Two breaking legal developments on the vaccination front occurred in quick succession Friday. Another group of Montana health care providers asked to join a federal lawsuit just hours before Attorney General Austin Knudsen announced Montana’s role in a multi-state legal challenge against President Joe Biden’s executive order requiring COVID-19 vaccination for federal contractors.
First up, the Montana Nurses Association filed a motion asking to join a lawsuit challenging Montana’s new vaccination discrimination law. If granted, the motion would expand the scope of the legal challenge originally filed against the state by the Montana Medical Association and a cohort of health care providers and patients in September.
MNA’s brief argues that House Bill 702, passed by the Legislature this spring, exposes nurses to the same risks as doctors already involved in the litigation. The initial complaint requested that HB 702 be ruled invalid and unenforceable in hospital facilities and physician offices. MNA wants to expand that list to include all Montana health care settings where nurses work, including federally qualified health centers, state and local jails and correctional facilities, and schools.
“Success by [the Montana Medical Association] on its complaint will provide relief for the Nurses in only some of these settings,” the motion says, “but will not afford relief in many of the places the Nurses work and in which they are equally entitled to the protections of federal law and the Montana Constitution.”
The motion to intervene was filed in U.S. District Court in Missoula, where MMA’s case originally appeared. Speaking with Montana Free Press Friday morning, Montana Nurses Association CEO Vicky Byrd said the motion was designed to bring nurses’ “advocacy and their voice and what we do every day” into the lawsuit.
“Because this House bill includes all immunizations, not just COVID, that significantly alters our work environment, the ability for the employer to provide us a safe work environment, for us to work in a safe work environment, and to keep our patients safe,” Byrd said.
A spokesperson for Knudsen’s office said via email Friday that MNA’s motion to intervene “doesn’t change the fact that the lawsuit is meritless.” The office filed a motion to dismiss the case on Oct. 21, contesting all MMA’s claims and asserting that HB 702 “works within the existing anti-discrimination and public health law structure.” The motion argued that the new law protects medical privacy and extends the protections of the Montana Human Rights Act to include vaccination status, and further alleges that MMA’s complaint “evinces a troubling desire by parts of Montana’s medical community to violate the fundamental rights of Montanans.”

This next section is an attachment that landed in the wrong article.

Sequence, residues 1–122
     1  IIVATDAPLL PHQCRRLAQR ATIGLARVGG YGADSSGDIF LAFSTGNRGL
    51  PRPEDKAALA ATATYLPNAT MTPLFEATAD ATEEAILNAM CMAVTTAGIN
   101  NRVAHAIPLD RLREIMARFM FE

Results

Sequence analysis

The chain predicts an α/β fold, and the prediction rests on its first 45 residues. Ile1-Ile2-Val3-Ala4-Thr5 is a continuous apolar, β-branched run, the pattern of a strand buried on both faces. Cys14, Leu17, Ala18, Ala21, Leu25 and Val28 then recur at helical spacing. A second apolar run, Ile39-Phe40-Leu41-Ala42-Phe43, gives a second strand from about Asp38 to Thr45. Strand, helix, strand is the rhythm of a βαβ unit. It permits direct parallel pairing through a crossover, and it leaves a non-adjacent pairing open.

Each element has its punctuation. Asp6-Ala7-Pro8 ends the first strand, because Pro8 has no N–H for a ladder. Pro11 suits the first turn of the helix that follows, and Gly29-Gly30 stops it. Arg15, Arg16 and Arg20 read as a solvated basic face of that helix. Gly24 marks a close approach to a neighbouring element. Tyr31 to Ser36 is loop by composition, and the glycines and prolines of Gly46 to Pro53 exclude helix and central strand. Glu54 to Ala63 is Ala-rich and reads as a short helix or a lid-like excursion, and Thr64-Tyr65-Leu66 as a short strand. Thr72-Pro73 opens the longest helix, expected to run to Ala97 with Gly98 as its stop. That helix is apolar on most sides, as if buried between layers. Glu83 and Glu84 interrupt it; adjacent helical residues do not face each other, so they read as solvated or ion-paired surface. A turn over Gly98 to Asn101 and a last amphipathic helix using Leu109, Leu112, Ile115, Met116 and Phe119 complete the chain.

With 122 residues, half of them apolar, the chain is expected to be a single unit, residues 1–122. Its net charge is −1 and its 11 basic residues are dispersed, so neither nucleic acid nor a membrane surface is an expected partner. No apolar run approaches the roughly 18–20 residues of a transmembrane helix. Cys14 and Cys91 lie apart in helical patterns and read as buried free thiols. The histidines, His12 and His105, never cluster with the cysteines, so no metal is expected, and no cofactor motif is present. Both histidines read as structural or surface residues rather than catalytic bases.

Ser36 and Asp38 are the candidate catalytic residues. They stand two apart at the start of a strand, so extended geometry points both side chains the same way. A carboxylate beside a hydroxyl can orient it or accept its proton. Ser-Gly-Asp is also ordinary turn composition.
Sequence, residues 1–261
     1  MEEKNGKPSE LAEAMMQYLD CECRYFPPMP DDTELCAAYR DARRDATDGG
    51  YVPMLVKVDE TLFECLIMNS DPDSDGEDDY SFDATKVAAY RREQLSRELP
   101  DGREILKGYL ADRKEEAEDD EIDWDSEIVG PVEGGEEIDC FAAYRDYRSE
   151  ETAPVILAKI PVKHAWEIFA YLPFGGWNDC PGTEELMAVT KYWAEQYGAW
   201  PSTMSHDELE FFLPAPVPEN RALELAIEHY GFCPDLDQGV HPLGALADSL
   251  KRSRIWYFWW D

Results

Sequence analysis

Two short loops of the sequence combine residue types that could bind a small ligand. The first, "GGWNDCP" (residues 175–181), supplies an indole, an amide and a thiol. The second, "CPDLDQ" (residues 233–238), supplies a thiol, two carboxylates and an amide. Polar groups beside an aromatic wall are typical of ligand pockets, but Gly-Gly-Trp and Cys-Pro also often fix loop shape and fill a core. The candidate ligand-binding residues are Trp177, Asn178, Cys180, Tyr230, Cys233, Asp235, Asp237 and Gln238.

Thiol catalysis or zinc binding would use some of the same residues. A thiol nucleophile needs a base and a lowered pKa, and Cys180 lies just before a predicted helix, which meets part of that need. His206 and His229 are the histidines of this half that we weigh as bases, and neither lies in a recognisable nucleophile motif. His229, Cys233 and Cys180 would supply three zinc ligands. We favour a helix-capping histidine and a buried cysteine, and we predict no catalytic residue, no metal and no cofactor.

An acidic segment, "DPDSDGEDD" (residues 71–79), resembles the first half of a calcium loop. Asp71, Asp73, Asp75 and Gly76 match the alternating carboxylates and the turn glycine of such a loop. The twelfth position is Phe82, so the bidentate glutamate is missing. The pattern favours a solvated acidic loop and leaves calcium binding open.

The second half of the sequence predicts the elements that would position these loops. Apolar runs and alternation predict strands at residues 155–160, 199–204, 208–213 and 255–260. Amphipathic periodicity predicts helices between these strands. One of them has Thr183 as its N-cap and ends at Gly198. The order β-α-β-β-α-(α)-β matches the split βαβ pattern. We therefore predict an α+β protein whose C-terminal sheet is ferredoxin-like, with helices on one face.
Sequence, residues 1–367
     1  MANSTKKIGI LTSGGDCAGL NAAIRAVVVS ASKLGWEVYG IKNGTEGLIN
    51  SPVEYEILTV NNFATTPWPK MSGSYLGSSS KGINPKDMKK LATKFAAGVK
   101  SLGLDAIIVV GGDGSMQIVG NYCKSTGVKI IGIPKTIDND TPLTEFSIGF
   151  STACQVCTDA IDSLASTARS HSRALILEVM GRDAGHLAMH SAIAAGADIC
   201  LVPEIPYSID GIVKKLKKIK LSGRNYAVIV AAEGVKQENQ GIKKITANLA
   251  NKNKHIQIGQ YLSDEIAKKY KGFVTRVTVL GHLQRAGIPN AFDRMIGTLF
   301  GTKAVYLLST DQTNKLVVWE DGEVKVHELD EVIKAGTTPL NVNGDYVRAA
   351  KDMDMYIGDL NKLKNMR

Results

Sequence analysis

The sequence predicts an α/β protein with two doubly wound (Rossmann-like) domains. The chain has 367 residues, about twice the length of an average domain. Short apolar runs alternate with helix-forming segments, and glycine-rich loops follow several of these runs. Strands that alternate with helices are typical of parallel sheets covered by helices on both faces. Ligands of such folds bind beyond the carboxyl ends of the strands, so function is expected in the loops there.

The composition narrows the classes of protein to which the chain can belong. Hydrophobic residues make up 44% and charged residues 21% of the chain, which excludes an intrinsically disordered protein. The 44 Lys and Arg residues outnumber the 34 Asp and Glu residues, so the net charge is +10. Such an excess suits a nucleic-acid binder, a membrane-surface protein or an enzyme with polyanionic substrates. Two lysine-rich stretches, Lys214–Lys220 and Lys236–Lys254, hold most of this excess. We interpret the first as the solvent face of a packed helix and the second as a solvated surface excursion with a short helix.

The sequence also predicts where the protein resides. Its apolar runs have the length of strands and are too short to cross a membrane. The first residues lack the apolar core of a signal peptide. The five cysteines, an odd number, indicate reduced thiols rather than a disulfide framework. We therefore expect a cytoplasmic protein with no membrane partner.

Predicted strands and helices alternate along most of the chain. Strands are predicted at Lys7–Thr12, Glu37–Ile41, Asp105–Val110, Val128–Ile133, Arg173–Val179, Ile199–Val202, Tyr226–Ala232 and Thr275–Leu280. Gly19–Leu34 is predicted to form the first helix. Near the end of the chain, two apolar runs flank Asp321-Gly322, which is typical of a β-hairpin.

In a separate development, Knudsen announced this morning that he and attorneys general in nine other states have filed a lawsuit challenging Biden’s vaccine requirement for federal contractors. The announcement claims the executive order constitutes “an unlawful usurpation of states’ police powers” and violates numerous federal laws as well as the U.S. Constitution. Knudsen’s announcement said his office has “heard directly from employees and businesses across Montana” about concerns that Biden’s order will restrict their ability to provide services to their communities.
“President Biden’s dictate attempting to force injections on employees at federally contracted businesses via executive order is illegal and a gross overreach into the lives of Montanans,” Knudsen said in the announcement. “Workers in our state don’t lose their rights just because their company happens to do some work for the federal government.”
On Tuesday, a federal judge in Georgia temporarily blocked President Joe Biden’s COVID-19 vaccine mandate for federal workers nationwide. Montana isn’t a plaintiff in the lawsuit, but Attorney General Austin Knudsen welcomed the order, denouncing the mandate as “a gross abuse of power.”
Superintendents at all eight of Montana’s AA public school districts sent a letter Tuesday to state Superintendent Elsie Arntzen, expressing “no confidence” in her leadership at the Office of Public Instruction and detailing their “disappointment” with the current state of the agency.
Montana’s Republican legislative leadership on Monday requested that the U.S. Supreme Court take up the months-long case on lawmakers’ subpoena powers and the legal actions of sitting Montana Supreme Court justices, advancing a fraught political drama that has embroiled much of state government since spring. The filing, submitted by Montana Attorney General Austin Knudsen, asks…